Search Finding Aids
Samuel Tobias Lachs Collection
ARC MS 58
This is a finding aid. It is a description of archival material held at the University of Pennsylvania. Unless otherwise noted, the materials described below are physically available in our reading room, and not digitally available through the web.
- University of Pennsylvania: Library at the Herbert D. Katz Center for Advanced Judaic Studies
- Samuel Tobias Lachs Collection
- Date [inclusive]:
- Call Number:
- ARC MS 58
- 2.5 Linear feet (5 boxes)
- Finding Aid's Permanent URL:
Samuel Tobias Lachs was born April 8, 1926 in Philadelphia, PA. He attended Central High School in Philadelphia, Gratz College from which he was awarded a teacher's diploma in 1945 and the University of Pennsylvania from which he was granted an A.B. in 1946. He then attended the Jewish Theological Seminary and became an ordained rabbi in 1950 and attained a PhD from Dropsie College in 1958.
In 1971 Lachs became an associate professor of the History of Religion Department at Bryn Mawr College in Bryn Mawr, PA. He became a full professor in 1977 and the following year was appointed chair of the department, a position which he held until his retirement. He was named the Leslie Clark Professor Emeritus in the Humanities, Professor Emeritus of History of Religion and the Katherine E. McBride Professor of Judaic Studies in 1992. Dr. Lachs also taught at several other institutions. He was a visiting lecturer at the University of Pennsylvania (summer 1966), Haverford College (1966-1970), Swarthmore College (1966), and Reconstructionist Rabbinical College (Lecturer, 1982-1983) and Acting Core Director (Rabbinics, 1983-1984). In addition, he held several posts at Gratz College, including Associate Professor of Rabbinics and Bible (1960-1962).
Dr. Lachs was actively engaged in a variety of professional activities during his career. He served briefly as an assistant rabbi at Congregation Emanu-El and for six years as the Conservative rabbi at Congregation at Ahavath Israel, both in the Oak Lane section of Philadelphia. He served as Chairman of the Board of License of Greater Philadelphia (1982-1986) and was a member of the Publications Committee of the Jewish Publication Society of America from 1984-1987. He served on the Middle States Evaluation Team for American Programs Abroad (Israel) in 1984 and 1987.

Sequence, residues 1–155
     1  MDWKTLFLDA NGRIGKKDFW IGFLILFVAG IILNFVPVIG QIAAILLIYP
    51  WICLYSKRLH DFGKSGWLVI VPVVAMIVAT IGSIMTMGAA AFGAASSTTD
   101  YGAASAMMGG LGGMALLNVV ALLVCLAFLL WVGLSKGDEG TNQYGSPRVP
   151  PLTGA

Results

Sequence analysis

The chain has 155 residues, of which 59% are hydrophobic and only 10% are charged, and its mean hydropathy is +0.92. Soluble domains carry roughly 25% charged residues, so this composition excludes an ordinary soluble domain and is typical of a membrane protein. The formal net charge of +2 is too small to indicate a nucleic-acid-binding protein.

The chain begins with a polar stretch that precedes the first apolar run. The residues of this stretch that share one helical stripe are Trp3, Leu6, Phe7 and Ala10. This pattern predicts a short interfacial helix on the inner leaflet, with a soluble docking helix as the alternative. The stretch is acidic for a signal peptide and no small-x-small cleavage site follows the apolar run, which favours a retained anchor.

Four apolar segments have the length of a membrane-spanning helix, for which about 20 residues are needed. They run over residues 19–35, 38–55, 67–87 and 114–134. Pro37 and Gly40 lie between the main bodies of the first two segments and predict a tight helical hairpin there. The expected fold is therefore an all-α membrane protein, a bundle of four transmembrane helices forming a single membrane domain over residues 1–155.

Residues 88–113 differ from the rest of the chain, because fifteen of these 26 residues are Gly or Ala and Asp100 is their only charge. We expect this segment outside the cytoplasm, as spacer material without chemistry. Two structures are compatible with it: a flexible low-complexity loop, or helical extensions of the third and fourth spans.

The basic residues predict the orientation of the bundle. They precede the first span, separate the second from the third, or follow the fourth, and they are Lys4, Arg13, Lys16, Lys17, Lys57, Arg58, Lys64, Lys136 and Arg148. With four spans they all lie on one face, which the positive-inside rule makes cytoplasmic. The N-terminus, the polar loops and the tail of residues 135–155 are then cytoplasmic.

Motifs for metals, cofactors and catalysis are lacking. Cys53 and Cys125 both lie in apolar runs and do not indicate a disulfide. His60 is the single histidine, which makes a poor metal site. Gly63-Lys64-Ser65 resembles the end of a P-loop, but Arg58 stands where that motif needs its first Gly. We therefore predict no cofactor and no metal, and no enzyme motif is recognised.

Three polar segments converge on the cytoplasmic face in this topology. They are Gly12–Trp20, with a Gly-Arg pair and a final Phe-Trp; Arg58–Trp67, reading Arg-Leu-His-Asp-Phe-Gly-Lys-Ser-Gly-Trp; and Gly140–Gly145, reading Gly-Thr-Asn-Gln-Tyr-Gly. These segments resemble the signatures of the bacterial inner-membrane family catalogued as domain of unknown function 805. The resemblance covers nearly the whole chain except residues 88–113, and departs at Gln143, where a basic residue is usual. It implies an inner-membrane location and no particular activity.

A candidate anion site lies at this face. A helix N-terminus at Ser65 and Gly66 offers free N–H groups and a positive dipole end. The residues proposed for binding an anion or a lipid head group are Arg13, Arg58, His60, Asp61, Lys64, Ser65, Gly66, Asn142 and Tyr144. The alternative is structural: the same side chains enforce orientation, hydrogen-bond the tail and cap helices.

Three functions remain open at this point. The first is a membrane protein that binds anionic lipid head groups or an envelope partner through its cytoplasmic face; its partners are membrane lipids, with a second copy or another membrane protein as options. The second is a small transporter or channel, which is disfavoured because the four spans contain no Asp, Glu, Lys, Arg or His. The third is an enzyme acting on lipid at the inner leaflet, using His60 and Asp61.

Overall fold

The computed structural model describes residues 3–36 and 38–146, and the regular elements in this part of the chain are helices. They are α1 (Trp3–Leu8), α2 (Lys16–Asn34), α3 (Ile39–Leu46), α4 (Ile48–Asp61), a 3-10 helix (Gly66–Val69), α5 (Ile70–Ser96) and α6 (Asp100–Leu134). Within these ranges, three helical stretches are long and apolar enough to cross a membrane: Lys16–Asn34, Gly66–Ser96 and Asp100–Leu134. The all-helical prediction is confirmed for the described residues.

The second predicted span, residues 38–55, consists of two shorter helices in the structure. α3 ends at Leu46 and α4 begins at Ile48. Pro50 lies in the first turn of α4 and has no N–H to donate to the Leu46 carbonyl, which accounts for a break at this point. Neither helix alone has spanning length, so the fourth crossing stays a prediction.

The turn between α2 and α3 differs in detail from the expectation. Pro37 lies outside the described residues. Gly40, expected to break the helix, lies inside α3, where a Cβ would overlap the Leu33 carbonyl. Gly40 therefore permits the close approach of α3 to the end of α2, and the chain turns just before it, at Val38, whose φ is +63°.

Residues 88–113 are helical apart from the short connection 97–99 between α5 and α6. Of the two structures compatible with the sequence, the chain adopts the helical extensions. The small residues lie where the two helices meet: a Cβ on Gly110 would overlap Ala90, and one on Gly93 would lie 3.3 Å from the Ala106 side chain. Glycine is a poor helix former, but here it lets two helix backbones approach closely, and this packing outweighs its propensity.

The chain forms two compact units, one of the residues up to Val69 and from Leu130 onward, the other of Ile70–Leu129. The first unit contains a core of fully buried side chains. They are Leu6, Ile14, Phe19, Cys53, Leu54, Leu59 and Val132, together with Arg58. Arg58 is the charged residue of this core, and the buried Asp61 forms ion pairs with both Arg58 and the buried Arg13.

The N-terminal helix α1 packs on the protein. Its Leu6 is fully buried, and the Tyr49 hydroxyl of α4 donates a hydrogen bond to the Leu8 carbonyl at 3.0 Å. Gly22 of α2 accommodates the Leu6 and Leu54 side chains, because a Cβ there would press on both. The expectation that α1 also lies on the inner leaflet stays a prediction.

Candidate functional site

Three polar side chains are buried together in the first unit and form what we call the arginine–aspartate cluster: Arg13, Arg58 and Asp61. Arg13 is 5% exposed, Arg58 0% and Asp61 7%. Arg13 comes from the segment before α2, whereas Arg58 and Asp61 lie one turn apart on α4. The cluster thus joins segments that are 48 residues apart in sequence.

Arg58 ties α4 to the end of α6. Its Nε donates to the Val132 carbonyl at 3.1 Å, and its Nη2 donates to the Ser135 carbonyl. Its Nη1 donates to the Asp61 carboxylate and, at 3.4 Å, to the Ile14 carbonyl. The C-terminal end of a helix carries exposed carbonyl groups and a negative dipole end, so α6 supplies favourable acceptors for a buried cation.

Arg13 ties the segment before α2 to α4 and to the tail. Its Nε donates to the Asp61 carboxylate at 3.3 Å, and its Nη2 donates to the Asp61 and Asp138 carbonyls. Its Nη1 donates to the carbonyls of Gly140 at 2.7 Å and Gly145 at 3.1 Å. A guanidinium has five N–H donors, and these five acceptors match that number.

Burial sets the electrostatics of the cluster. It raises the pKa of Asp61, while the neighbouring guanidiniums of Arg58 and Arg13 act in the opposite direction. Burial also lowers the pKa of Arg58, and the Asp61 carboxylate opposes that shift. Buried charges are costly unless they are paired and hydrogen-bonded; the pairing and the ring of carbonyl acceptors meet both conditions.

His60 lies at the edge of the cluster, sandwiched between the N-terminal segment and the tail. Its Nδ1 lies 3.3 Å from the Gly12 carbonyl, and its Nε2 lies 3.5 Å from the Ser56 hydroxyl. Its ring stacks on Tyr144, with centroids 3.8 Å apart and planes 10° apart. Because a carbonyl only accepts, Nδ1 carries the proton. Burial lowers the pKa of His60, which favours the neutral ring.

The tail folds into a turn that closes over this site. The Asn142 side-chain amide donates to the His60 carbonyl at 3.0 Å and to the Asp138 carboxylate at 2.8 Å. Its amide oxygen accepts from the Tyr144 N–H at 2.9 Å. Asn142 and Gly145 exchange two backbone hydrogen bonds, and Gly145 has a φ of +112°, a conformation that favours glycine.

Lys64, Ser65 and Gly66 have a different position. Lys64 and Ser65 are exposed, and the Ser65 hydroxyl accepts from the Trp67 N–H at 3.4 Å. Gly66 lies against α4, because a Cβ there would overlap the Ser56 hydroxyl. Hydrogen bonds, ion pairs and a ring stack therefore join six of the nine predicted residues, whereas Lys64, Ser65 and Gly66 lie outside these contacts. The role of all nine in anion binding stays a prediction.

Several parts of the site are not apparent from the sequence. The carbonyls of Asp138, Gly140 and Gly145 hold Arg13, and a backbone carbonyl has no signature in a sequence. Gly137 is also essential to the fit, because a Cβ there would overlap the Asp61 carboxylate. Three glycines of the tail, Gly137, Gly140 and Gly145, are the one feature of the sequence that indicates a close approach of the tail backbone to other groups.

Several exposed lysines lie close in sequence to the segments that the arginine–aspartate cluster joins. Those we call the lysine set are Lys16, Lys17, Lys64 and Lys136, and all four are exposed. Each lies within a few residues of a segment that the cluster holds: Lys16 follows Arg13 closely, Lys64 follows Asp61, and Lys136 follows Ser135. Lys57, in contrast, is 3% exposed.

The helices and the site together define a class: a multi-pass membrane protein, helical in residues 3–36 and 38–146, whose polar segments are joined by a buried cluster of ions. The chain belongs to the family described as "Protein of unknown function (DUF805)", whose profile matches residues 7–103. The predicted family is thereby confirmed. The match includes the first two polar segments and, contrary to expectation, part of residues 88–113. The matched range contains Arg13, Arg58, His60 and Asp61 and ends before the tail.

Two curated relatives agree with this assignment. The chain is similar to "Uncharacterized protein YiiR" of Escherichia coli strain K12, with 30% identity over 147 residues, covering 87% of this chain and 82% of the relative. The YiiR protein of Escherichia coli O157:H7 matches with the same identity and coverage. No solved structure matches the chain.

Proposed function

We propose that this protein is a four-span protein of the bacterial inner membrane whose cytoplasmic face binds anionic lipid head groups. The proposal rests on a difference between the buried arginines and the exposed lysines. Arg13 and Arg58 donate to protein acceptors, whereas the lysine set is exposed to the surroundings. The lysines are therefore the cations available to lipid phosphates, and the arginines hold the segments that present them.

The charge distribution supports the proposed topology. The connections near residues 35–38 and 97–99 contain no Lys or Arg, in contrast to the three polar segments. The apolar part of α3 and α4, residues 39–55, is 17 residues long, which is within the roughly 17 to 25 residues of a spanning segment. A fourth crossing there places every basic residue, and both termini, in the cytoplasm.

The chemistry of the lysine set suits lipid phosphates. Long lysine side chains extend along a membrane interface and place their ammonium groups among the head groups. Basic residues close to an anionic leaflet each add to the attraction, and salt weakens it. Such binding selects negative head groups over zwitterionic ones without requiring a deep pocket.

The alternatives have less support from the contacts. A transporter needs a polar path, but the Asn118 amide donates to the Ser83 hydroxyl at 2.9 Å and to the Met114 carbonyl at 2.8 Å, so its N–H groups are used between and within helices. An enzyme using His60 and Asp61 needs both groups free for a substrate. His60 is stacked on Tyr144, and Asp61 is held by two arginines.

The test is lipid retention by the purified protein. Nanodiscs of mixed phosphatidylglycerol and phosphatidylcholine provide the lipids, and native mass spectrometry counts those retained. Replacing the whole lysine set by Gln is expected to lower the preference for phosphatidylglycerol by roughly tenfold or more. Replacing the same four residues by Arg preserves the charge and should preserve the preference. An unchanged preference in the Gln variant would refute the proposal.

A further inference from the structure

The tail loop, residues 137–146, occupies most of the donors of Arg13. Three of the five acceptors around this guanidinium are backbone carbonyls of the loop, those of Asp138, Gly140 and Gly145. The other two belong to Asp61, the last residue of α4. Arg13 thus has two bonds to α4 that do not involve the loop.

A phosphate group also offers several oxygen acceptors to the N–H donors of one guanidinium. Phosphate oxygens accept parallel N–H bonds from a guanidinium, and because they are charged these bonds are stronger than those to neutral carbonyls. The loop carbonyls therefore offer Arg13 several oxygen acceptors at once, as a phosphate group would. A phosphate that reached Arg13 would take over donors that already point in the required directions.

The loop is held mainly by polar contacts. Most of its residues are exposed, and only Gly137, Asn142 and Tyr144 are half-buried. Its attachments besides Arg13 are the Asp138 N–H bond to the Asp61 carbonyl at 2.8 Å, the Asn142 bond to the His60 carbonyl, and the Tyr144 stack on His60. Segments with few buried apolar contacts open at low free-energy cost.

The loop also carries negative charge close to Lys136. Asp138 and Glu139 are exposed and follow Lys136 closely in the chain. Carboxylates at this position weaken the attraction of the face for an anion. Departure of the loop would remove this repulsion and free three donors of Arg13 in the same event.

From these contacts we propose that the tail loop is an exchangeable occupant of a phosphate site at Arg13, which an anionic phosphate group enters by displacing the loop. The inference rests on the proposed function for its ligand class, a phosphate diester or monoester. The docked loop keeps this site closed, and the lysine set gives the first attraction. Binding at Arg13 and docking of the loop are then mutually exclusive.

Dr. Lachs published a number of books and articles throughout his career. He co-authored the Gratz College Anniversary Volume with I.D. Passow and co-authored Judaism with Saul P. Wachs. He published A Rabbinic Commentary on the New Testament: Matthew, Mark, Luke (1987) and Humanism in the Talmud and Midrash (1992). His articles were published in a variety of publications including the Jewish Quarterly Review and Harvard Theological Review.
Dr. Lachs was highly respected by his peers. Fellow scholar, Jeffrey Tigay, Ellis professor of Hebrew and Languages and Literatures in the Department of Near Eastern Languages and Civilizations at the University of Pennsylvania, described him as "'a real master' who drew droves of students and inspired many to pursue careers in scholarship and religion." Adina Potok, and her husband, Chaim Potok, studied with Dr. Lachs every Saturday for many years at Temple Beth Hillel-Beth El in Wynnewood, the synagogue at which all three were members. "When he was teaching Talmud...he brought in material from Greek philosophy, from Roman law and culture, from Christianity..." noted Adina Potok. (2)
Dr. Lachs married his wife, Phyllis M. Seltzer in 1950. They had four children, Susanna, Benjamin, Michael and Joshua. Dr. Lachs died in 2000.
1. Curriculum vitae, Samuel T. Lachs.
2. Obituary, "Philadelphia Inquirer," 2000 September 19.
Scope and Contents
The Samuel T. Lachs Collection consists almost entirely of drafts of manuscripts for books and articles. Several of the drafts are for articles which were published in the Jewish Quarterly Review and for Kol Nidre sermons. The majority, however, are for books which were not published and clearly demonstrate the lengthy process and revisions which Lachs went through. Lachs, in his curriculum vitae of 1996, noted five projects which he had completed but not published and all of these are represented among the drafts in the collection. Lachs also noted five projects which were in progress at that time and at least one of the drafts in the collection comes from this list. It should be noted that tracking Lachs's progress through his project list, and comparing it to the list of items in the Lachs collection, is made more difficult by the fact that the titles of the manuscripts occasionally changed as he worked through his revisions. In addition, most of the drafts are undated or contain the same date, adding to the difficulty in tracking the revisions.